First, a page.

Editors Gustavo Cardoso and Manuel Castells
What are “Piracy Cultures”? Usually we look at media consumption departing from a media industry definition. We look at TV, Radio, Newspapers, Games, Internet and media contents in general departing from the idea that the access to those is made through the payment of a licence fee, subscription, or simply because it’s either paid or available for free (being supported by advertisement). That is, we look at contents and the way people interact with them within a given system of thought that looks at contents and their distribution channels as the product of relationships between media companies, organizations and individuals effectively building a commercial relationship of a contractual kind with rights and obligations.
But what if, for a moment, we turn our attention to the empirical evidence found not just in Asia, Africa and South America but also all over Europe and North America? All over the world we are witnessing a growing number of people building media relationships outside those institutionalized set of rules.
We do not intend to discuss if we are dealing with legal or illegal practises, our departure point for this call for papers is that, when a very significant number of the population is building its mediation through alternative channels of obtaining content, such a movement should be studied in order to deepen our knowledge of media cultures. Because we need a title to characterize those cultures in their diversity, but at the same time in their commonplaceness’, we propose to call it “Piracy Cultures”.
By addressing the dimension of Piracy Cultures we hope to increase our understanding of the practices and cultural drives (both individual and collective - national cultures; generational cultures, etc.) of fruition and consumption of media (cinema, TV series, music, etc.) under what is labeled, by both law and managerial cultures, as piracy.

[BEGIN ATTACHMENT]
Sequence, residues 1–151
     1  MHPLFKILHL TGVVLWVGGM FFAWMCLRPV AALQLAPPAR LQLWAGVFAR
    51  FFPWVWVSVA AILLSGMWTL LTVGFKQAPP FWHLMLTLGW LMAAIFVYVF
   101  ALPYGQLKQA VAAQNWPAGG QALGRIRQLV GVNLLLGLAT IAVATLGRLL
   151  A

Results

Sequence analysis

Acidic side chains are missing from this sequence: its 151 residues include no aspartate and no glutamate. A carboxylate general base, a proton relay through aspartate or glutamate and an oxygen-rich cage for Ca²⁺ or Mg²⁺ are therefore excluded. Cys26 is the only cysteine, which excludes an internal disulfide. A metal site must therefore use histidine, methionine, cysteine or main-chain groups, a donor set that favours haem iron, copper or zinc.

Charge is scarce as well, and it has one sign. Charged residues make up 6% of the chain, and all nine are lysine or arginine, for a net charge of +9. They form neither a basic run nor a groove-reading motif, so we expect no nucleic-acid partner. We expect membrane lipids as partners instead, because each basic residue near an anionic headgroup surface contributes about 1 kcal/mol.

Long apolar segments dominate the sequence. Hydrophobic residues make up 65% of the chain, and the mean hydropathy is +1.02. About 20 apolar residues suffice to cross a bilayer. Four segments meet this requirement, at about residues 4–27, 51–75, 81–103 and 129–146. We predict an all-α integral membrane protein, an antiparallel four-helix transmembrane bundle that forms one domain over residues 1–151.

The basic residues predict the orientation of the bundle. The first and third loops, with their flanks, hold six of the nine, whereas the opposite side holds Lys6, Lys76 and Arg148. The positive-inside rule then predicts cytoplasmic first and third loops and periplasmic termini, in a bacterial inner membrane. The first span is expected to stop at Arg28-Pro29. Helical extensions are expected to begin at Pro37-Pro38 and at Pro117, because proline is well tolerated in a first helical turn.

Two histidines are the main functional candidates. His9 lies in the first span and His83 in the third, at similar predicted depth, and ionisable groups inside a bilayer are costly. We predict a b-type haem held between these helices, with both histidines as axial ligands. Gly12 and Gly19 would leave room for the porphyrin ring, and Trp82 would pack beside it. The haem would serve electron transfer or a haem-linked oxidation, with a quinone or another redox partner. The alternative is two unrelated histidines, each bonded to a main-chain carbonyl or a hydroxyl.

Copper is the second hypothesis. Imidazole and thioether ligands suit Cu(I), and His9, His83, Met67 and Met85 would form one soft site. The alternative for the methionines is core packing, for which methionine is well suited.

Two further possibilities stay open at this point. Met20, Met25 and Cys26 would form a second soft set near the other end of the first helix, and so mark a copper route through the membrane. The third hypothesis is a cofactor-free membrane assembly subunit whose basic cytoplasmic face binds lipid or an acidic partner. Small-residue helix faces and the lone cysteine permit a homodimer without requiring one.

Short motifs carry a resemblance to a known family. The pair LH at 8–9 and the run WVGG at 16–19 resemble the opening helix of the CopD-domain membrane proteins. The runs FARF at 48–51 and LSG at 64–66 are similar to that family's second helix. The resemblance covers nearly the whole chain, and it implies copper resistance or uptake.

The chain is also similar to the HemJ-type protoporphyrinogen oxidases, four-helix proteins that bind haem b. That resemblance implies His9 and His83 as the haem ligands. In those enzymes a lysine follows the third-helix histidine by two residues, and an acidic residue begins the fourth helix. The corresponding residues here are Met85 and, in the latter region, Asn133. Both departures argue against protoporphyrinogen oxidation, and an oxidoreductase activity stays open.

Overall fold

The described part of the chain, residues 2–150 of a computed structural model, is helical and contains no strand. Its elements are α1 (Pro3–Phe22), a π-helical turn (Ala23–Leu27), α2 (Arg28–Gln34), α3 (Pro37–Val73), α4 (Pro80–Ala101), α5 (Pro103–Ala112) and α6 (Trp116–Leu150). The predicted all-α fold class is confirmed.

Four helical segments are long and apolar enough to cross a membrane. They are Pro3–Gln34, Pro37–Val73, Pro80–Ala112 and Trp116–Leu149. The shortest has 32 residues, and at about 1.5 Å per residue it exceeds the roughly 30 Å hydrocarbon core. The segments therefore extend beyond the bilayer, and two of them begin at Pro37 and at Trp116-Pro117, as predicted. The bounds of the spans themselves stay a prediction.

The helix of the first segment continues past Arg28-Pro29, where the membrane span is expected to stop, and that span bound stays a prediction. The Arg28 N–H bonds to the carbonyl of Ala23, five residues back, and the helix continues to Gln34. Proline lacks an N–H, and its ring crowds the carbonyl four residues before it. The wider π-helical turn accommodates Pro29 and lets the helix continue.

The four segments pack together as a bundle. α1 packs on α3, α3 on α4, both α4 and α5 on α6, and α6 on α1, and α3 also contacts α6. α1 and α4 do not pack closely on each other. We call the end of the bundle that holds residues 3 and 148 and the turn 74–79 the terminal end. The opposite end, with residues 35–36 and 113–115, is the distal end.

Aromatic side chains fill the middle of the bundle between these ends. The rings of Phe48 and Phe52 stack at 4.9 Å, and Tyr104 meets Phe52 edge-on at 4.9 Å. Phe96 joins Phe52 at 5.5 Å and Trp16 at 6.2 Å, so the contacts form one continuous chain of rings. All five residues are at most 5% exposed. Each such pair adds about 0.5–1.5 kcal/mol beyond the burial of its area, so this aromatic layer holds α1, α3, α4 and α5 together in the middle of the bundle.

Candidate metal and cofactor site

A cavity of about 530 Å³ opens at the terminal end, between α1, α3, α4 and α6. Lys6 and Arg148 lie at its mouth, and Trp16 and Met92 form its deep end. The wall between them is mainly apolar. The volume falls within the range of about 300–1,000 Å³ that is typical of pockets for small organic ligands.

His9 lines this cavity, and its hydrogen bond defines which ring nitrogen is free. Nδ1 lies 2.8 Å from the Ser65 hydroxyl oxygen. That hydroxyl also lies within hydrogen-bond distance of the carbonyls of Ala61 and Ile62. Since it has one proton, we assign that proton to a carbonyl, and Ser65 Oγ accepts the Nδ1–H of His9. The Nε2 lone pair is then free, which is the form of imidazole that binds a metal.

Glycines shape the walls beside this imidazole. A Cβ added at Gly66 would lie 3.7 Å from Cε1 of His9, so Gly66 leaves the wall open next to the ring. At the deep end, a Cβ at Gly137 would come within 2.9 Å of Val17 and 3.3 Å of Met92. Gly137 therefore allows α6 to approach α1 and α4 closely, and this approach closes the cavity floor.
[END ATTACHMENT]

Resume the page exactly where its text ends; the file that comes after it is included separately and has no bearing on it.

Our aim is to give new insights as to how those current practices might evolve towards new institutionalized market practices and the changing of the perception of law or remain as counter-cultural movements, although shared by large portions of the population.
Manuel Castells and Gustavo Cardoso
The online submission deadline for papers is 31 Mar 2011. Please indicate in a cover note that the paper is intended for the special issue. Authors are advised to consult the journal's guide for authors before submitting their paper.
Authors: Submit your paper now (IJoC login page), or see the Guide for Authors.
About the Guest Editors
Gustavo Cardoso is Professor of Media, Technology and Society at the Sociology Department of ISCTE - Lisbon University Institute (Portugal). He works as well with the Department of Communications and Performance Studies of the University of Milan, IN3 (Internet Interdisciplinary Institute) in Barcelona and ICT&S at Salzburg University. During the last few years he has been a member of the international network WIP (World Internet Project) at USC Annenberg and of the European COST networks "The Impact of the Internet in Mass Media", "Broadband Society" and "Transforming Audiences, Transforming Societies". Gustavo Cardoso is Book Review Editor at IJoC and OBS Editor.
Manuel Castells is Professor of Sociology, and Director of the Internet Interdisciplinary Institute at the Open University of Catalonia (UOC), in Barcelona. He is as well University Professor and the Wallis Annenberg Chair Professor of Communication Technology and Society at the Annenberg School of Communication, University of Southern California, Los Angeles. He is Professor Emeritus of Sociology,and Professor Emeritus of City and Regional Planning at the University of California, Berkeley, where he taught for 24 years. Manuel Castells is Editor at IJoC.
The International Journal of Communication is an online, multi-media, academic journal that adheres to the highest standards of peer review and engages established and emerging scholars from anywhere in the world. The International Journal of Communication is an interdisciplinary journal that, while centered in communication, is open and welcoming to contributions from the many disciplines and approaches that meet at the crossroads that is communication study.
Gustavo Cardoso, Lisbon Internet and Networks Institute, ISCTE, Av.ª das Forças Armadas, 1649-026 Lisboa - Portugal
Email: email@example.com; Phone: (+351) 217 941 404; Fax: (+351) 217 940 074 www.lini-research.org